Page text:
ISO 22301 provides the requirements for a business continuity management system which goes beyond just having a plan.  

It can be difficult to understand the requirements of international standards without applying them to some context. ISO Consultants such as Assent can help you navigate the challenge and provide knowledge transfer that can help your team to run the system going forward.

Here is a brief outline of the requirements of ISO 22301, so you know what to expect before starting your ISO Project:

 

Management System Framework

ISO 22301 aligns to ISO’s Annex SL, which provides a common clause structure making it much easier to integrate standards.

As such, if you have implemented another standard, many of the requirements will be familiar, including:

– Context of the Organisation

– Leadership

– Risks & Opportunities,

– Supporting functions including Awareness and Documented Information.

– Performance Evaluation including Internal Audits and Management Review.

– Improvement.

There are some key additional subclauses to the main management system requirements such as the need to identify applicable Legal and Regulatory Requirements that could affect the BCMS.

Clause 8 – Operation, is where you’ll find many of the discipline specific requirements, some of which are discussed below.

 

Business Impact Analysis (BIA)

Conducting a BIA is an explicit requirement of the standard, and this is an exercise that can prove very valuable.

While the standard sets out the broad requirements, it gives little guidance as to the BIA methodology you should use.

At Assent Risk Management, we recommend the guidance of the Business Continuity Institute (BCI) and we can guide you through this process.

 

Risk Assessment

Within Clause 6 the risks to the management system are considered, ISO 22301 includes a risk assessment clause directly after the BIA (see above). This provides a natural follow on from considering the impacts to your business activities.

Potential disruptive events should be identified and controls put in place to limit the likelihood of them occurring, or minimising the disruption should they occur.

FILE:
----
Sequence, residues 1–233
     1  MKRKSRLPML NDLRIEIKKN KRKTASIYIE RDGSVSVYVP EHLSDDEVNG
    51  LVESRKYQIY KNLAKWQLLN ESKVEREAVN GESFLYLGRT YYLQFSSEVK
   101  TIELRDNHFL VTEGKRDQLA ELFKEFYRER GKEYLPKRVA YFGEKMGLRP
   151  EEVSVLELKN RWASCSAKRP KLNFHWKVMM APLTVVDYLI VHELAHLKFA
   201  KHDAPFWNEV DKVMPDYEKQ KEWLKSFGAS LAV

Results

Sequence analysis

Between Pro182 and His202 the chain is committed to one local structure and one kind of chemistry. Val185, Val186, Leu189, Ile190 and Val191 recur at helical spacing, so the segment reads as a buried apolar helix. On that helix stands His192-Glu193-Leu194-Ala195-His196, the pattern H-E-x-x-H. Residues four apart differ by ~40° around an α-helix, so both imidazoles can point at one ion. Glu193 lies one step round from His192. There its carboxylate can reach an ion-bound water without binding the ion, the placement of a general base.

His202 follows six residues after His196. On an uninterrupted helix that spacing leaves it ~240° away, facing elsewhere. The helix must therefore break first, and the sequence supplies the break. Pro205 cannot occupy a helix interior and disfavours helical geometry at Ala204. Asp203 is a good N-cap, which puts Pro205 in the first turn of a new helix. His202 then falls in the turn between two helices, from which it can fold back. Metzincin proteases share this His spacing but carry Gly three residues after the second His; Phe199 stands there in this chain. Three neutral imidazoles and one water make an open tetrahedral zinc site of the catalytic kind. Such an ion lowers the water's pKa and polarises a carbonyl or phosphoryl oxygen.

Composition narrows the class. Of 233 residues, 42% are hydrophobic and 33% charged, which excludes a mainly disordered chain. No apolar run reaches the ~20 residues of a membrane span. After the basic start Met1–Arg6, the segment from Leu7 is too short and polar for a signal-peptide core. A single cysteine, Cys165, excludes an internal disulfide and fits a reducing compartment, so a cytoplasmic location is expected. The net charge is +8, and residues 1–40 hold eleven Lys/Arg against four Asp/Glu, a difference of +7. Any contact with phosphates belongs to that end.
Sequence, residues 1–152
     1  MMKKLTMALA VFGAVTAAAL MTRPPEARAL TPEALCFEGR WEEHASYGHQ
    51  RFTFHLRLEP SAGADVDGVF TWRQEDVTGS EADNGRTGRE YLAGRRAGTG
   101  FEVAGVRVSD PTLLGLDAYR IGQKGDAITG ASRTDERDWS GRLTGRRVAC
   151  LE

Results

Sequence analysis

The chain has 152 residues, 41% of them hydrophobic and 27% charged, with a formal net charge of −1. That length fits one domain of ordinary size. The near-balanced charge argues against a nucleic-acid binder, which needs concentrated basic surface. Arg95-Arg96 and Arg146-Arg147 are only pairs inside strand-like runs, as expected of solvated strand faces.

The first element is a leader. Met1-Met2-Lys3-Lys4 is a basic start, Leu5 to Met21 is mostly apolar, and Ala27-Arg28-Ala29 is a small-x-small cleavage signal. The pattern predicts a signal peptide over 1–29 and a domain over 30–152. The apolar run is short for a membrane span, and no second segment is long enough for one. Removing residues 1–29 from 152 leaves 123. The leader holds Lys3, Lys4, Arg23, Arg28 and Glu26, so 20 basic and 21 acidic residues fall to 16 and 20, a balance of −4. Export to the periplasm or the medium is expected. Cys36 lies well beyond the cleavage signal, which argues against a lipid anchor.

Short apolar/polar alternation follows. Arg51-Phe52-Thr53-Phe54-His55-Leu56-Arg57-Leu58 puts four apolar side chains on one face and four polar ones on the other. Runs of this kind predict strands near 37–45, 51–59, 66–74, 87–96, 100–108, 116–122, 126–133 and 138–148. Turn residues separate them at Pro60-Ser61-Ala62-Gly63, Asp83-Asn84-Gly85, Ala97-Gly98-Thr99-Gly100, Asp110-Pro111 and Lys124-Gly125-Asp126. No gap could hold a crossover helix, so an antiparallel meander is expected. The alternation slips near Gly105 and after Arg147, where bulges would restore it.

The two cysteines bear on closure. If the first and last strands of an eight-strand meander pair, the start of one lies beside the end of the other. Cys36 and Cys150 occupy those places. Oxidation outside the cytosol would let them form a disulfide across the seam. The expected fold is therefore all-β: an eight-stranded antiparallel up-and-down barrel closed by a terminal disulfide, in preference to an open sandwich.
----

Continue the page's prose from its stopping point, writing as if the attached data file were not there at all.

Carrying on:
Prevention is better than cure, and in this case that means avoiding disruptions rather than activating your business continuity response.

 

Business Continuity Strategy

There are many ways to approach a continuity of an activity, and the standard requires you to identify this. 

The format of the strategy is not clearly defined, so there is flexibility here to document this as you require.

However, BCI’s Good Practice Guide provides a range of options from ‘Do Nothing’ to full ‘Replication’ and ‘Diversification’

 

Create Business Continuity Procedures

There are a number of procedures required for an effective business continuity response, including defining an incident response structure, warning systems and the contents of the plan itself.

The standard is fairly prescriptive as to what should be contained within business continuity plans, however there is discretion as to whether you have a single company wide plan or smaller ‘departmental’ plans.

 

Exercising and Testing

Finally and maybe most importantly, ISO 22301 requires the arrangements to be exercised and tested to ensure that they are fit for purpose and continue to meet the needs of the organisation.

This can be challenging to organise and an exercise itself can introduce risk to the business, however an effective schedule can be created to test elements as well as a full scenario.

 

Ready to Implement ISO 22301

ISO 22301 provides the core requirements for a business continuity management system, however many organisations find it useful to buy a copy of ISO 22313, which includes additional advice and guidance on the requirements.

Assent Risk Management has a team of experienced consultants and auditors who help organisations implement ISO 22301 and achieve UKAS Accredited Certification. 

 

Contact us for more information on how we can help.

 


Source: ARM
What Are The Requirements of ISO 22301?